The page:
One of two Tamworth (I think) sows that range freely on the Wild Ken Hill estate. These omnivorous animals are an excellent indicator of soil health. They forage quite discernibly on the margins of fields and currently avoid the areas that have been cultivated over many years, as there is much less food there for them to find. With time, those areas too, should hold increasing invertebrate numbers, fungi, roots and grass for them to eat in addition to fruits and seeds.

These two ladies are very well behaved, but I fully suspect that they are responsible for the state of the ground and our becoming stuck while manoeuvring the vehicle.

Friday, 19 November 2021

Salthouse Duck Pond - 18 November 2021


Black-headed Gull 6J 4976 from Denmark

Ringed obtained whilst assessing the potential for a small scale Gull colour ringing project this winter and ringing the Swans, with the focus on the known age cygnet initially.

The Gull was originally ringed 23/5/2013 as a pullus at Holm Sø, Brøndby, Sjælland, Denmark (55 37N, 12 26E), and seen previously at Salthouse on 24/12/14-21/3/15, 3/11/15-12/3/16, 5/11/16-25/1/17, 2/12/17-8/2/18, 16/10/18-4/3/19,12/11/19-29/1/20 and 4/11/20-29/12/20. Details c/o Cley Bird Club.

Thursday, 18 November 2021

Wild Ken Hill - 15 November 2021

 After a couple of visits to reconnoiter the expansive site, today was the first independent session. We are so pleased to have found a project with so much potential to support. 

The nets, two runs of three 18ms, were set along the site of the old railway line on a private area of the wild side of Ken Hill. Lining where the tracks used to run, are hedgerows of a variety of plants including Hawthorn, Wild rose, Blackberry and Blackthorn. On arrival, there didn't seem to be a great deal of activity as seen on our last non-ringing visit, when mist had forced migrant thrushes down and they were feeding up on hawthorn berries and rosehips.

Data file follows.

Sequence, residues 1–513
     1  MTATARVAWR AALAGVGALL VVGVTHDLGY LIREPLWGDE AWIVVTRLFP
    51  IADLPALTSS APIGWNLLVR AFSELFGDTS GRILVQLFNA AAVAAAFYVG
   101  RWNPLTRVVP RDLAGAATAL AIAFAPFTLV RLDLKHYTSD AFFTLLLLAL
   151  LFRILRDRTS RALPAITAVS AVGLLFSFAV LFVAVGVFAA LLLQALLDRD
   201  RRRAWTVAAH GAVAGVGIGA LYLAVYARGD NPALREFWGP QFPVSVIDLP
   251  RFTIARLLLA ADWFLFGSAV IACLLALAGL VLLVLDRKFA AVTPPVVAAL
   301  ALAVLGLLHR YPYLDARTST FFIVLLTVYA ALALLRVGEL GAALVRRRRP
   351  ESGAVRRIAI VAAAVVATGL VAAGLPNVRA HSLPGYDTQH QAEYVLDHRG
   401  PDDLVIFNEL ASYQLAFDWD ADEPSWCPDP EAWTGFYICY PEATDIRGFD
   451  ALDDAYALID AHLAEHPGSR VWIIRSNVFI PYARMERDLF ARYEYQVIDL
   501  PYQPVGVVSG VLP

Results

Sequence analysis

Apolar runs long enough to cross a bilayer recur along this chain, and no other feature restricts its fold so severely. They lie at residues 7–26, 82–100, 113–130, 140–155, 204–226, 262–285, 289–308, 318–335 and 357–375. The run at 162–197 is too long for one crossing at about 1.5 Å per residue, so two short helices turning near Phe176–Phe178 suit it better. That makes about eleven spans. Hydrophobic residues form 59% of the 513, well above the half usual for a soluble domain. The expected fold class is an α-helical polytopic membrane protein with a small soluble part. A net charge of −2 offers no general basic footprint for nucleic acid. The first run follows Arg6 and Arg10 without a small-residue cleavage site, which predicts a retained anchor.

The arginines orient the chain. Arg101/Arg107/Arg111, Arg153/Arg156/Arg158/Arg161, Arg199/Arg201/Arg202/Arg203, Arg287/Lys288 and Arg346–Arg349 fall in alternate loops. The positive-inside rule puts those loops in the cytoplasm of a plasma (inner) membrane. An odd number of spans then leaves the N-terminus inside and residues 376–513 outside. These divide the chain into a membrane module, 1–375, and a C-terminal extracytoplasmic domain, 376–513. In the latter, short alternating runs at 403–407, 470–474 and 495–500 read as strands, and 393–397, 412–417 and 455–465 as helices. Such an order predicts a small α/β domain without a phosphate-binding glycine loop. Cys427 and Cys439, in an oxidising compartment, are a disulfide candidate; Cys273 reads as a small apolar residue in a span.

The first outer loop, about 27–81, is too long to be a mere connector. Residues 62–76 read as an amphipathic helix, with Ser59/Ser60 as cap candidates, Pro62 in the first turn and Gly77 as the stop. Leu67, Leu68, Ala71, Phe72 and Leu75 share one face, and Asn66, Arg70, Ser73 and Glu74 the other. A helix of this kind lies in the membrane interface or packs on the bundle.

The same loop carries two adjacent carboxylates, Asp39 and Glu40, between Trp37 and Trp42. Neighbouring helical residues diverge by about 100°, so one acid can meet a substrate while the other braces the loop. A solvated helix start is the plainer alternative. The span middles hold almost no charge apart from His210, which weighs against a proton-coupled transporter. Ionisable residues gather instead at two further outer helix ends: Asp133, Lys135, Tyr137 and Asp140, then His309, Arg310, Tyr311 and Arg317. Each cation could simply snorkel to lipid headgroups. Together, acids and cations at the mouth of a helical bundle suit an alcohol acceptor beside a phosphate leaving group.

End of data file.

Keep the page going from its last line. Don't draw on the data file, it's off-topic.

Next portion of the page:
Redwing, age 3

Cetti's Warbler, age 3

We only managed a couple of Blackbirds and two Redwings, but the Long-tailed tits helped push the total to just over 30. Other birds seen included Barn Owl, Curlew, Pink-footed Geese, Marsh Harrier.

The total ended up as follows.

Totals: 29 (3)

Wren - 2 (1)
Robin - 2
Dunnock - 2 (1)
Blackbird - 2
Redwing - 2
Cetti's Warbler - 1
Long-tailed Tit - 10 (1)
Blue Tit - 7
Great Tit - 1

Thursday, 4 November 2021

Finch House garden - October 2021

 Our first birds were caught on 17th October, some three weeks after our move to North Norfolk. The garden is very close to open farmland and the garden has been planted with a variety of plants good for providing natural food. We have seen quite a few species in and over the garden so hope catching will prove interesting.

One of two Hazels that have been tempting Jays in to feed.

A variety of shrubs and fruit trees provide some thick areas of cover.
 A water feature could also provide water at drier times of year.

Several plants provide berries for winter thrushes

We expected a few tits as there is an established feeding station next door. 

Our small feeding station had been running for a few days before the three 6m nets were put up. First results from 2 weeks when rain and wind prevented netting on several days are as follows:

Total: 28 (5)

Woodpigeon - 1
Robin - 1 (1)
Dunnock - 2
Blackbird - 4 (1)
Long-tailed Tit - 3
Blue Tit - 12 (1)
Great Tit - 1
Goldfinch - 4